Our small sheep farm has two parts – a hardscrabble, hill farm in the Monadnock Region of New Hampshire we call Winters’ Light Farm and our seven acres of prime farmland and barns located below the house in the floodplain here in Canterbury that we call Merrimack Riverland Farm. The conservation easement on Riverland mandates organic farming practices.
James, our chief shepherd, moves the flock daily to new grass (and shade on the hot days) around our hill farm. That is, we practice rotational grazing. Moving the flock to a patch of grass just large enough to feed them for a day tends to cause the grass to grow back faster, making the most of our forage. It also helps manage internal parasites, a long-standing problem in sheep, as the sheep keep moving, leaving them behind.
We manage the flock as organically as possible, resorting to antibiotics if and only if someone falls ill. We also control parasites with Grazer’s Choice, a mixture of salt, minerals and diatomaceous earth, all natural supplements. Occasionally, we need to dose one or another member of the flock with a conventional de-wormer, but not often. That individual is then not considered organically raised.
We raise Ramboulliet sheep, a fine-wool breed that is cousin to the better-known Merino, with an eye toward selling our own yarn. Ramboulliet are rare on the East Coast, although common on the dry ranges in the western United States. They are lovely creatures, but exceptionally skittish.
Lucy tends to get most involved when lambs arrive – helping to establish nursing and bottle-feeding, if necessary – and to take custody of the shorn fleeces.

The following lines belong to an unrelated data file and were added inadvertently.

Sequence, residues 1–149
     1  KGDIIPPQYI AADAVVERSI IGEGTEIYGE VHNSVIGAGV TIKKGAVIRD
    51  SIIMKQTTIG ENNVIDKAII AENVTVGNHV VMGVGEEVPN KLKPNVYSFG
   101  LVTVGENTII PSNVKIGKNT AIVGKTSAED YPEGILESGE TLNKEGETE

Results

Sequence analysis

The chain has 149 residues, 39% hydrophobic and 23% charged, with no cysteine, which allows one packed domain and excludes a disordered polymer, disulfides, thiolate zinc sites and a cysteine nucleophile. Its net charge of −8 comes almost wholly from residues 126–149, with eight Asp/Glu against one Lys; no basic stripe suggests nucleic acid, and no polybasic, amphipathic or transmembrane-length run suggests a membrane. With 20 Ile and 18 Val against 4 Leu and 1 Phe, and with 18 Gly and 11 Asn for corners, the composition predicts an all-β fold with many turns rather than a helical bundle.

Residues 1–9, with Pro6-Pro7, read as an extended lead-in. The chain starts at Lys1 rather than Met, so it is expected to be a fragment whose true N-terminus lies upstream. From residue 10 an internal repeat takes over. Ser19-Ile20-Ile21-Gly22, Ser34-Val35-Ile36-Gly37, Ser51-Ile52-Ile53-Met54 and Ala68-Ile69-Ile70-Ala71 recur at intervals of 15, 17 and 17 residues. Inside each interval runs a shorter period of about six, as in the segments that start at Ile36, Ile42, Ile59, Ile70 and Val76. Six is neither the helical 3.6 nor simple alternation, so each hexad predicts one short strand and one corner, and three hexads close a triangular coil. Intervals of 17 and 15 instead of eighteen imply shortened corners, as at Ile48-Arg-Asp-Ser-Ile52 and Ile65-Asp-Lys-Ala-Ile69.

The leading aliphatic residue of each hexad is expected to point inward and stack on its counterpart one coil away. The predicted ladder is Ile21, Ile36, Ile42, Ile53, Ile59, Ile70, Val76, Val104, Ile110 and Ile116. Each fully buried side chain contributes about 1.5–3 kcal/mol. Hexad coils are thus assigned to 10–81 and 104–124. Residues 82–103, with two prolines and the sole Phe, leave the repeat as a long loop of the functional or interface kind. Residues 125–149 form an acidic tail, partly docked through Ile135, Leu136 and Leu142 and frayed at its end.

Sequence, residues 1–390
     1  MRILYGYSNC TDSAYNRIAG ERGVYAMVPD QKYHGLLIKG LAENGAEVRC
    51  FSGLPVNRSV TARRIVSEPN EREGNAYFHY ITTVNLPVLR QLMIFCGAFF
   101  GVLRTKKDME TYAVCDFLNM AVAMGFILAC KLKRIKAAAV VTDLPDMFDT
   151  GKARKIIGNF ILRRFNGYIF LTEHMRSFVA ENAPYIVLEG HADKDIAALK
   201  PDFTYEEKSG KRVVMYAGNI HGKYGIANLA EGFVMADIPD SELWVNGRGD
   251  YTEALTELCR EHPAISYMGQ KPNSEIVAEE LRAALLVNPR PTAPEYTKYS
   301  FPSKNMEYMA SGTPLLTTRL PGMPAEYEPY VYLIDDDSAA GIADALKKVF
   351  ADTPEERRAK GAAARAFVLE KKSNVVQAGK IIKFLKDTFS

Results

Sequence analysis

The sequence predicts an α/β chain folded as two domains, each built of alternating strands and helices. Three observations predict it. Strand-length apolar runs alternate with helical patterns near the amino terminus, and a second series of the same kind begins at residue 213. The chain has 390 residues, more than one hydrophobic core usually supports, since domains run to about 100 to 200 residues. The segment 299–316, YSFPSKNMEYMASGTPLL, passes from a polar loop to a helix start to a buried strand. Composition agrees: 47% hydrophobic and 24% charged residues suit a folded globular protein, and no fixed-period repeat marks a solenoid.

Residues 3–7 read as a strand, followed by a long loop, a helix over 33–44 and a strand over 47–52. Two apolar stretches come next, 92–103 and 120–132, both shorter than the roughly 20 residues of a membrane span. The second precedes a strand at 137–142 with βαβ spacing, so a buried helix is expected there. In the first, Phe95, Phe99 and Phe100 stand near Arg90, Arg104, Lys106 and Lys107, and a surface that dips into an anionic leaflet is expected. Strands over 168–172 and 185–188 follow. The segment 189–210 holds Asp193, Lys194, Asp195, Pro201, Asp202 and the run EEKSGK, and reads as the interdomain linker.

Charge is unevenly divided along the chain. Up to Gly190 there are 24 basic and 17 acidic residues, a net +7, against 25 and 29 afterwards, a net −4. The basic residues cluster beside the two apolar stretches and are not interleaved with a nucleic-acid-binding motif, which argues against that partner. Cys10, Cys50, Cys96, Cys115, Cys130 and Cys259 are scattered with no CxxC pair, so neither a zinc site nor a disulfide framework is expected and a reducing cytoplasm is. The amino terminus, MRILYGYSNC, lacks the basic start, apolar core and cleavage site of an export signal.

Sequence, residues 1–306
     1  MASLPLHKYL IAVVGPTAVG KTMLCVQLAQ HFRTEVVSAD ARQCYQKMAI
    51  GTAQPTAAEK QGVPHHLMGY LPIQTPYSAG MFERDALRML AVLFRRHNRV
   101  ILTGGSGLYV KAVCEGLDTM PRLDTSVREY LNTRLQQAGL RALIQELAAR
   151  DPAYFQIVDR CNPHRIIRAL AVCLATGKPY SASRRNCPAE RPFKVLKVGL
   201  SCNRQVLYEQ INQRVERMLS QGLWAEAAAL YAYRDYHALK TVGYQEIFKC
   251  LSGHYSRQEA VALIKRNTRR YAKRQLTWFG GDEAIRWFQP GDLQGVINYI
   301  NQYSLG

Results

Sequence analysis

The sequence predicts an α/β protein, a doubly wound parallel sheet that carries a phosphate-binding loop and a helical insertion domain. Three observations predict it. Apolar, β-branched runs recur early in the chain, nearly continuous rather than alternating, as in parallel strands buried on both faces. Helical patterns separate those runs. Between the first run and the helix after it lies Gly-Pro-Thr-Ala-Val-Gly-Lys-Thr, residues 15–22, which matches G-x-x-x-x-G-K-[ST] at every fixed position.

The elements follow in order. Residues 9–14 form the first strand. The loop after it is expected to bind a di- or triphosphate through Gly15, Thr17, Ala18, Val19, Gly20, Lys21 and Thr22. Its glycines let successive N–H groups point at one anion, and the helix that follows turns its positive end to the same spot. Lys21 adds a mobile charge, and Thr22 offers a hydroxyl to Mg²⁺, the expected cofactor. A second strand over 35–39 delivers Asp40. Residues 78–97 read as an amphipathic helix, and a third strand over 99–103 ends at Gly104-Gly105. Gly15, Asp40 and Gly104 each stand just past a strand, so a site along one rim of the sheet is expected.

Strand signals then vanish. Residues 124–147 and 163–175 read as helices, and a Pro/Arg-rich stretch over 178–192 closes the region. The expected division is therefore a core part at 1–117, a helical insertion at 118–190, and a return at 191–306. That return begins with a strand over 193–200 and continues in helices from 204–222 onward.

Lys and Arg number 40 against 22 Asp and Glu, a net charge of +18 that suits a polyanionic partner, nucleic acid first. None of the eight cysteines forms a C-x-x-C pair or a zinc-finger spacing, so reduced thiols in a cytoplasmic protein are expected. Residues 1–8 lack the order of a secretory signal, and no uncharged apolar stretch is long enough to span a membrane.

Our long-range plan is to over-winter the flock in our barn in the Monadnock Region (which is not in a floodplain), graze the sheep there in the spring, and then bring the flock to Canterbury in the summer to graze, returning home again in the Fall to eat the re-grown grass.
Our immediate challenge is to rebuild the fence around the field here in Canterbury, which will no longer keep sheep in or dogs out. We love dogs and treasure their ability to run freely on the beach. Sheep, however, do not love dogs and will panic and bolt if they see a curious dog running toward them. Sturdy fences make co-existence possible.
Further complicating matters, our fencelines are infested with invasive species – mainly Asian Bittersweet, a vine that has been left to climb the fence and trees for many years. We are experimenting with ways to reduce this infestation, which you can read about in the innkeeper’s blog. The old fenceline must be cleared and the old fence dismantled, a new fence built and then managed to prevent the invasives from recolonizing it. That means mowing, mowing, and more mowing, among other things. We could use help from someone really knowledgeable about this invasive vine to design a credible control strategy for us and to help us cost it out. We could also use expert help to manage multiflora rose, autumn olive, and buckthorn.